Skills training for new-collar jobs
TUESDAY FEBRUARY 7 2017
By James Mwangi-Chair Kenya Vision 2030
Even as thousands of people, especially youth, struggle to get jobs, sustainable job creation will require an understanding of the important new dynamics in the global labour market.
It is no longer about white-collar versus blue-collar jobs, but about the “new-collar” jobs that employers in many industries demand yet remain largely unfilled.
Although joining university is the ultimate dream of many a Kenyan youth, tackling the inequality that results from the grades fallout is not about lowering university entry requirements.
Rather, it’s about supporting those who did not attain the cut-off points to equally become productive members of the society.
By JAMES MWANGI
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A fundamental change is sweeping across the government, workplaces and other sectors of the economy as leaders grapple with disruptive changes in technology, markets and society. The shifts are impacting employment.
But even as thousands of people, especially youth, struggle to get jobs, sustainable job creation will require an understanding of the new important dynamics in the global labour market. It is no longer about white-collar versus blue-collar jobs, but about the “new-collar” jobs that employers in many industries demand yet remain largely unfilled.
Equity Group, in conjunction with its partners; the German Government, through its implementing agency KfW, and the Ministry of Education, Science and Technology, recently launched a youth empowerment programme to assist nearly 3,000 Wings to Fly recipients, who sat their KCSE exam last year, to transition into technical and vocational education and training institutions. During the event, Education Cabinet Secretary Fred Matiang’i provided an analogy worth repeating. According to Dr Matiang’i, Kenya could not supply the artisans required to provide technical skills such as plumbing and welding for the standard gauge railway project despite having thousands of jobless university graduates. The lesson we should learn from this is the need to equip our youth with the relevant skills for growth in order to prosper.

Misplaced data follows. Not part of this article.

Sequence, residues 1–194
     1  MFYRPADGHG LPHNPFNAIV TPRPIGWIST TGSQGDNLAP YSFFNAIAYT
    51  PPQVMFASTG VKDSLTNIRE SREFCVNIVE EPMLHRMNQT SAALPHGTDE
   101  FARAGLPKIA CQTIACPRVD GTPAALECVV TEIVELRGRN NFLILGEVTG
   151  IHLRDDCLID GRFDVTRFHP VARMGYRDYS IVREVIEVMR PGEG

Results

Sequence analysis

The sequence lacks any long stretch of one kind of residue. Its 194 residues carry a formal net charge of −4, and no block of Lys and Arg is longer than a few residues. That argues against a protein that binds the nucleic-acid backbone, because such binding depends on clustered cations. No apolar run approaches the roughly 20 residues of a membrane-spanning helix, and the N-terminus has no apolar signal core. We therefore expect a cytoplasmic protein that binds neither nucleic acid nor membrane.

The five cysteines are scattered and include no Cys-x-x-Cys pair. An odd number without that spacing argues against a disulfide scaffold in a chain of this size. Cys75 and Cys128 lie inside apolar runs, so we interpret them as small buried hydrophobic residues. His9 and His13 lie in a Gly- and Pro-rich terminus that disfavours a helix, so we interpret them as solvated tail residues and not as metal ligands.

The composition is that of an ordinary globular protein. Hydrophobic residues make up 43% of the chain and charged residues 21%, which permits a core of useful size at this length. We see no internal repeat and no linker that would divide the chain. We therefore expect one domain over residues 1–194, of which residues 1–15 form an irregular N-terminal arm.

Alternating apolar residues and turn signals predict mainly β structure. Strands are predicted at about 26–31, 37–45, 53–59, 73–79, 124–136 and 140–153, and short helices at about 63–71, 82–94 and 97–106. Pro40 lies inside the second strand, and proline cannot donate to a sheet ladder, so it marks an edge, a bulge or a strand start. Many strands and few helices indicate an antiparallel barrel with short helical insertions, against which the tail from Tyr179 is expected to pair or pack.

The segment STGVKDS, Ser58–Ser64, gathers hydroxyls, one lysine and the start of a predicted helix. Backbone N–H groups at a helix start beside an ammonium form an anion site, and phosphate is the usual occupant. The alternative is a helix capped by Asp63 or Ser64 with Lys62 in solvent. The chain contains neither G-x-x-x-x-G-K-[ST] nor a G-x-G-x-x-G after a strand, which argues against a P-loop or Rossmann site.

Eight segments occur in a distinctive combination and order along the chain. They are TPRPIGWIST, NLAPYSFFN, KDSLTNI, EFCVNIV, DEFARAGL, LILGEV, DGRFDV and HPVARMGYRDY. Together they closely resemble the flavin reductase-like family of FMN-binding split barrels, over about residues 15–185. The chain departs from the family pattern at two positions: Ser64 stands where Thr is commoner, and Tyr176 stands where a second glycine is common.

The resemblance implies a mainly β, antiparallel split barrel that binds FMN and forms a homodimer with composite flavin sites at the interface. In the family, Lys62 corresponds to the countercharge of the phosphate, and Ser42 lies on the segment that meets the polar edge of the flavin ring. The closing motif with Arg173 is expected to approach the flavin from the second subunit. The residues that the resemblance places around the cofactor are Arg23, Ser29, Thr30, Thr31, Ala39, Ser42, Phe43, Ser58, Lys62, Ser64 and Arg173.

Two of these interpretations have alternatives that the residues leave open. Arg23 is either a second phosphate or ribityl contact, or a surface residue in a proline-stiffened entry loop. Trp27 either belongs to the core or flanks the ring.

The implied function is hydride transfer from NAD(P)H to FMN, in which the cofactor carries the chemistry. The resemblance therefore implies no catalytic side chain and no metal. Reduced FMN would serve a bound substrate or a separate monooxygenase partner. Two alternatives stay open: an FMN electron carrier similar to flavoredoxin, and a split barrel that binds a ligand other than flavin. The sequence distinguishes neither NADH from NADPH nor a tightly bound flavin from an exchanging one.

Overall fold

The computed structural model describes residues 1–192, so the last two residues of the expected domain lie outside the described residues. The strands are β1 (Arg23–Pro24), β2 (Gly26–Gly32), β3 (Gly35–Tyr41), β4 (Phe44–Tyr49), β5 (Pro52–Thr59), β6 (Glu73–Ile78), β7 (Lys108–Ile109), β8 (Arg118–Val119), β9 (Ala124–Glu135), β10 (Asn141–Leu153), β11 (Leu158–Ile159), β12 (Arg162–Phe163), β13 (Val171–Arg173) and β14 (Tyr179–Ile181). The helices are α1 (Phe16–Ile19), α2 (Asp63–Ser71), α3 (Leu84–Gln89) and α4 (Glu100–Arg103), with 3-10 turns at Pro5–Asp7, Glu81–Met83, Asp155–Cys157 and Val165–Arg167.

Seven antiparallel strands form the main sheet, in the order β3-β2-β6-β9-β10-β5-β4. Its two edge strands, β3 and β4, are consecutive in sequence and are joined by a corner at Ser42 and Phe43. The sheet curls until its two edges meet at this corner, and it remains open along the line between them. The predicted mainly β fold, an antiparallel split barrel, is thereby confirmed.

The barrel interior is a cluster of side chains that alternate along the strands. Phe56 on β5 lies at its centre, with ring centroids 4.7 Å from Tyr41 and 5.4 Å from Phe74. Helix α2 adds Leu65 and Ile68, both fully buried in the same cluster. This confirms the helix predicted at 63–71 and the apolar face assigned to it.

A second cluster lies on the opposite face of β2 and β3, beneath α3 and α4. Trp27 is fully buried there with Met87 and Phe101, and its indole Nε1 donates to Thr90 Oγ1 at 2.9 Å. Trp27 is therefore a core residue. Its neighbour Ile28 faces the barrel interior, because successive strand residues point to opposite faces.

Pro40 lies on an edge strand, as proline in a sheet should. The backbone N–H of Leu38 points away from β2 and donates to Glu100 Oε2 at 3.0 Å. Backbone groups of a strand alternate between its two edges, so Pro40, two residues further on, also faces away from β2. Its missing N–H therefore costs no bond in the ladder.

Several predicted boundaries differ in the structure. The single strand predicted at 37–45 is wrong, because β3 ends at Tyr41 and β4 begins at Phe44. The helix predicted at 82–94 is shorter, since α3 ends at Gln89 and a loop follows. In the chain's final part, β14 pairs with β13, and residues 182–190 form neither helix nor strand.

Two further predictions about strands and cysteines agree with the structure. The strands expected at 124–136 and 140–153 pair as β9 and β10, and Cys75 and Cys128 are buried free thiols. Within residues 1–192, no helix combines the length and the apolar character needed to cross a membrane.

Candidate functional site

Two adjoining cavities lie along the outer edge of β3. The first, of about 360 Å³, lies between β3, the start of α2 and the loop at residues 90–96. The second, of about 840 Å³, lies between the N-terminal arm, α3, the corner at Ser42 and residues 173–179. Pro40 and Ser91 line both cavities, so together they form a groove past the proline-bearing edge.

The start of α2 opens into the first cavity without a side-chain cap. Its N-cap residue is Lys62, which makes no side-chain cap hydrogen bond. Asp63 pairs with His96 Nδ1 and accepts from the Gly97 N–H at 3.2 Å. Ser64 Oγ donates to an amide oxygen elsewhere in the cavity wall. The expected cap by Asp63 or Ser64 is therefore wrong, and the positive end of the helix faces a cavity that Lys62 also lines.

Although joining university is the ultimate dream of many a Kenyan youth, tackling the inequality that results from the grades fallout is not about lowering university entry requirements. Rather, it’s about supporting those who did not attain the cut-off points to equally become productive members of the society. There are thousands of open positions for those equipped with the right technical skills, and if the new railway were to act as a precedent, there are job openings, including opportunities abroad.
Equity Group and its partners are supporting education in technical and vocational institutions because the nature of work is evolving, making it difficult to fill emergent positions. As industries, from manufacturing to agriculture, are reshaped by data science and other technical requirements, jobs are being created that demand new skills, which, in turn, require new approaches to education, training and recruiting.
The reality we are grappling with as a nation and employers is we are not producing enough graduates with the necessary skills for current and future jobs. Yet, rarely discussed are the academic and technical skills needed for today’s productive positions, and the pathways to them.
Many believe the solution is for more students to go to university. But the university-for-all movement, which has clouded our collective thinking as a nation and churned out thousands of degrees and skill-sets that are not aligned to driving growth and development, has reached its limit. This means that we need a radical shift in our training focus to achieve the objectives of Vision 2030.
Equity Group’s involvement in technical and vocational education and training is driven by the realisation that there is a need for an appropriate demand-driven and good quality system, which will equip more young women and men with skills to improve their employability and self-reliance in more productive and decent work. We support the restructuring of formal and non-formal education systems to ensure relevance of education and training in response to the changing patterns of employment, the needs of the labour market, and the rapid pace of change in technology and communications.
This year, we will ensure that the nearly 3,000 Wings to Fly scholars who sat the 2016 KCSE exam, whether headed for further education, employment, or entrepreneurial opportunities, gain life and employability exposure and skills by joining technical institutions.
At Equity Group University Internship programme (Equity Leadership Programme), we invite other organisations to partner with us to provide additional internships and jobs. Equipping youth with skills will greatly address these challenges. Instead of having too many people with university degrees that are not supportive of development, well-planned vocational training can provide a viable alternative that would produce the highly skilled technicians the country requires.
James Mwangi is chief executive officer, Equity Group and chairman, Vision 2030 Secretariat.
Courtesy of Daily Nation